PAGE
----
​​​​​​​~D
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Jim Smith, modified 1 Year ago at 4/9/23 11:17 PM
Created 1 Year ago at 4/9/23 2:36 PM

RE: Is access concentration attained over time or on demand?

Posts: 1748 Join Date: 1/17/15 Recent Posts
Daniel Ingram
https://www.mctb.org/mctb2/table-of-contents/part-i-the-fundamentals/3-concentration-the-second-training/

3. Concentration, The Second Training
...
Regardless, for the sake of discussion, when you can keep your attention on your object of meditation second after second, minute after minute, without letting it go to other objects, but before any interesting, blissful, unusually steady alteration of perception happens, that is what I call access concentration.

Leigh Brasington
http://www.leighb.com/jhana2a.htm
How do you know access concentration has been established? The mind is fully with the object of meditation and, if there are any thoughts, they are wispy and in the background; they do not draw you away from the meditation object.


I've never really paid attention to recognize when I have access concentration or not. So I don't really think it is something that you need to worry about. I know when my mind is turbulent and I can't concentrate and I deal with that otherwise I don't pay attention to my level of concentration I just focus on the object of meditation. I guess I would say if your mind wanders to the extent you lose track of the object of meditation you don't have access concentration. Otherwise as Brasington says, wispy thoughts in the background are okay. 

The more you meditate the more you become aware of the subtlest movements of the mind - so the better your concentration the more background activity you will notice. That doesn't mean your concentration is getting worse, it means it is getting better.

I've written elsewhere in these forums that I think the biggest obstacle to concentration is stress and mental fatigue which is why I recommend preparing for meditation with the relaxing meditations I linked to above. Now that I am recognizing access concentration I would say that statement and recommendation applies to access concentration.

Samatha meditation to the extent it is done in a relaxing way (and not as intense, thought suppressing, stress-inducing concentration) will help with vipassana. This could be one of the reasons Buddha taught both samatha and vipassana should be cultivated.
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Aeon , modified 1 Year ago at 4/10/23 4:46 PM
Created 1 Year ago at 4/10/23 4:46 PM

RE: Is access concentration attained over time or on demand?

Posts: 212 Join Date: 1/31/23 Recent Posts
Thats a lot of snark @dreamwalker

Is everything all right with you?
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Jim Smith, modified 1 Year ago at 4/17/23 1:42 AM
Created 1 Year ago at 4/17/23 1:33 AM

RE: Is access concentration attained over time or on demand?

Posts: 1748 Join Date: 1/17/15 Recent Posts
I think it is also useful to be aware of the type of distractions that you experience when meditating. There is a difference between thoughts of things that happened during the day or maybe something that caused stress that keeps playing over and over in your mind versus random dream like thoughts like those you experience just before falling asleep that occur because you are sleepy when trying to meditate. The latter type is actually a sign, at least in my experience, that one has relaxed and let go of the thoughts and stress of the recent past and the mind is ready to work at vipassana - particularly mindfulness in daily life where being physically active will dispel sleepiness. Also it might indicate a situation where it is better to get some sleep and meditate later. I think it's unlikely that further sitting meditation will dispel sleepiness so if you continue to meditate hoping for stronger concentration I don't think that is a good plan.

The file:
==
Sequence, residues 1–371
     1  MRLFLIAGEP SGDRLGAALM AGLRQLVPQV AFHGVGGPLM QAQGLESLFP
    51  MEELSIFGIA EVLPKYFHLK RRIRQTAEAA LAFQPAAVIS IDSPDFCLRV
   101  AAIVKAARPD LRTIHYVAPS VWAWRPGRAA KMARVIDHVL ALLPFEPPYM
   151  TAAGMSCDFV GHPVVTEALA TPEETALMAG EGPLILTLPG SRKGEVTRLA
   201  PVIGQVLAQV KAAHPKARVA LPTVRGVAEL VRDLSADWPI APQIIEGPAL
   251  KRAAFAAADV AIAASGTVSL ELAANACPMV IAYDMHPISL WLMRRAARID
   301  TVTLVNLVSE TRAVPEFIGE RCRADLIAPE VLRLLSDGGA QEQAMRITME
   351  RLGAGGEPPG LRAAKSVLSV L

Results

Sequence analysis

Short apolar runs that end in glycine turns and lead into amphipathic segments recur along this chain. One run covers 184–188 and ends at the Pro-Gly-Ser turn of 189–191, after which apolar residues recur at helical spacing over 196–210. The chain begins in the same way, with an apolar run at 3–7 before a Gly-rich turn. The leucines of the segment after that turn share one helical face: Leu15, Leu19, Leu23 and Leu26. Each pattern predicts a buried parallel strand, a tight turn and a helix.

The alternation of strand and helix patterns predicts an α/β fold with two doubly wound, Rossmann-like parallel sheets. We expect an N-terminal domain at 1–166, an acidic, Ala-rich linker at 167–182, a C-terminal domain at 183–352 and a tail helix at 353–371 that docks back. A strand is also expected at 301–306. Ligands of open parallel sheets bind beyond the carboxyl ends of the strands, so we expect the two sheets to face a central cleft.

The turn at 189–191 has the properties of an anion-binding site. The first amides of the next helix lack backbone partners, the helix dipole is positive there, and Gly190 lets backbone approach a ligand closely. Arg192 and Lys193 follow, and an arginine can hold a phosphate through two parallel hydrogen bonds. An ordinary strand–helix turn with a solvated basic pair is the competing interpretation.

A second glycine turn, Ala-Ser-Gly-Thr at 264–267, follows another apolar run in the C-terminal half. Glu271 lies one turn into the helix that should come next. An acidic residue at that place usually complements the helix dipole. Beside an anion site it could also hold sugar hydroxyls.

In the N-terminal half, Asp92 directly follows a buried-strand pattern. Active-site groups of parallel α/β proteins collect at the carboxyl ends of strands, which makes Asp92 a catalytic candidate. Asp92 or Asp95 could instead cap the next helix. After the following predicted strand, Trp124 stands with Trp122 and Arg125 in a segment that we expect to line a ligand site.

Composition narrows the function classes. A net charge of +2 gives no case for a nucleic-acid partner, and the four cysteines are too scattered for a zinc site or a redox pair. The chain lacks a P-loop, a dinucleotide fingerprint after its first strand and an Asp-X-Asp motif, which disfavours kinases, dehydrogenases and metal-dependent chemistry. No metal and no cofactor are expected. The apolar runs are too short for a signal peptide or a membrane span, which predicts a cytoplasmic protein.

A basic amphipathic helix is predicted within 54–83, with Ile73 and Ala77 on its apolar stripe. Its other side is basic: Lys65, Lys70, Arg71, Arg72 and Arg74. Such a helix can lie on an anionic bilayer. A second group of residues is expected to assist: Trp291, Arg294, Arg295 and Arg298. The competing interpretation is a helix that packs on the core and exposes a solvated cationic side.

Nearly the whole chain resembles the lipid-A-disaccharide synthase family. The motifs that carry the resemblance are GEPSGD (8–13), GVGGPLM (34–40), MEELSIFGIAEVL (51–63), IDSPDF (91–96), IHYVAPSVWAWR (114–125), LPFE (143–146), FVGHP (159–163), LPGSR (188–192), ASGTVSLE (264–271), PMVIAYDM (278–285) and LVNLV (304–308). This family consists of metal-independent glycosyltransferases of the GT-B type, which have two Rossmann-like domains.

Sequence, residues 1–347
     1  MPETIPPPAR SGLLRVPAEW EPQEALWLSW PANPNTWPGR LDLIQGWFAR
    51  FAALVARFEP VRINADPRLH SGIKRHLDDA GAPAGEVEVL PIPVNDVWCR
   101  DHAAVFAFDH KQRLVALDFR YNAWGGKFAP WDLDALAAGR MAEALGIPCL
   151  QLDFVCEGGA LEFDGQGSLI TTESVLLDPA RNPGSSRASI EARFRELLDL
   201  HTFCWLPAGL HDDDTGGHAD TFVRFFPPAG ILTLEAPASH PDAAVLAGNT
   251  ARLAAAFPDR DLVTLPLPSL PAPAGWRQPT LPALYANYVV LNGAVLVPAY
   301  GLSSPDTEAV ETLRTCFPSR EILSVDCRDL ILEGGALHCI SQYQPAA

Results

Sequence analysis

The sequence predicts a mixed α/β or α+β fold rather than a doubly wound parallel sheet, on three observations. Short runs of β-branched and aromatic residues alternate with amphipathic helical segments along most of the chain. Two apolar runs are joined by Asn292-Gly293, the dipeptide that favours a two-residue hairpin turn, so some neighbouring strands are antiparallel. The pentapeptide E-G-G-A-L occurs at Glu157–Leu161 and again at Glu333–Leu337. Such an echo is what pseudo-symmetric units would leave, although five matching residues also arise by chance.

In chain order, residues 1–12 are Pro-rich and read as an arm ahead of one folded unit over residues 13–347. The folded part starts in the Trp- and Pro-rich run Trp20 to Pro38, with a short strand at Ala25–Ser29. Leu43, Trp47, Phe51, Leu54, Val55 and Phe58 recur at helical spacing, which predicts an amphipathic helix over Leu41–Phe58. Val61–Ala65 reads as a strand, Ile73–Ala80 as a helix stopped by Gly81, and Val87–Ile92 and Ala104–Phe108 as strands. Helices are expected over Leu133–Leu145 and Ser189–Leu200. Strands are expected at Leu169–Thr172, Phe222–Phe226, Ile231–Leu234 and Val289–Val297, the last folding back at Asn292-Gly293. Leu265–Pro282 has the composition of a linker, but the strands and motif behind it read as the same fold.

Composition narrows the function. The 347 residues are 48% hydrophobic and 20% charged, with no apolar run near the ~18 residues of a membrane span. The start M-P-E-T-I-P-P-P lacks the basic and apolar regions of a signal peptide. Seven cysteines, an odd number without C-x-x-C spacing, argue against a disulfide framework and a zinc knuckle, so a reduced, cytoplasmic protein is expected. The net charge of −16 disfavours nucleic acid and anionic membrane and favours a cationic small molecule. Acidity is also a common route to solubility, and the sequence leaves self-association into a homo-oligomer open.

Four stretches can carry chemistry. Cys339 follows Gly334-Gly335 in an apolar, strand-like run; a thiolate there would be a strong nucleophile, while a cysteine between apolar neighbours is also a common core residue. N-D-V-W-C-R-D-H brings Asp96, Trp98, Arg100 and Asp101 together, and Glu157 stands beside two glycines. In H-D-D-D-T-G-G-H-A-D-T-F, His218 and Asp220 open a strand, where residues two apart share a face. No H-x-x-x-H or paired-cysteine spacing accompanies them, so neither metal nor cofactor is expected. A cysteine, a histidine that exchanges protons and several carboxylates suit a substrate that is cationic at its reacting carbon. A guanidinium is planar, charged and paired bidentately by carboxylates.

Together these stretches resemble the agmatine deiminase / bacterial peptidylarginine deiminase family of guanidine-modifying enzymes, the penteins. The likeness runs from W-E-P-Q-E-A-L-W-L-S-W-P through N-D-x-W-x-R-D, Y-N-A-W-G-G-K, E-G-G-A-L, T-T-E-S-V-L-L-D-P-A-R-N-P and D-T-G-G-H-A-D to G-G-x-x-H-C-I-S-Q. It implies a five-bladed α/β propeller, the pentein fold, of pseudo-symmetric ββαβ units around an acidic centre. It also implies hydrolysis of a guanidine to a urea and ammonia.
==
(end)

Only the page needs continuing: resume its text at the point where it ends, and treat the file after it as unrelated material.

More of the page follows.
I was at a retreat once where the leader of the meditation sessions was nodding off, when it became time to do walking meditation in-between the sitting sessions he would lead us outside and walk rapidly trying to wake himself up. It was funny because our robes were billowing behind us due to the rapid pace of the walking meditation.
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Jim Smith, modified 1 Year ago at 4/17/23 2:46 PM
Created 1 Year ago at 4/17/23 2:46 PM

RE: Is access concentration attained over time or on demand?

Posts: 1748 Join Date: 1/17/15 Recent Posts
Jim Smith  
...
The latter type is actually a sign, at least in my experience, that one has relaxed and let go of the thoughts and stress of the recent past and the mind is ready to work at vipassana - particularly mindfulness in daily life where being physically active will dispel sleepiness. 
...


I probably should have said:

"The latter type is actually a sign, at least in my experience, that one has relaxed and let go of the thoughts and stress of the recent past."

There could still be a lot of distracting thoughts before access concentration is reached.
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Pawel K, modified 1 Year ago at 5/12/23 2:08 AM
Created 1 Year ago at 5/12/23 2:08 AM

RE: Is access concentration attained over time or on demand?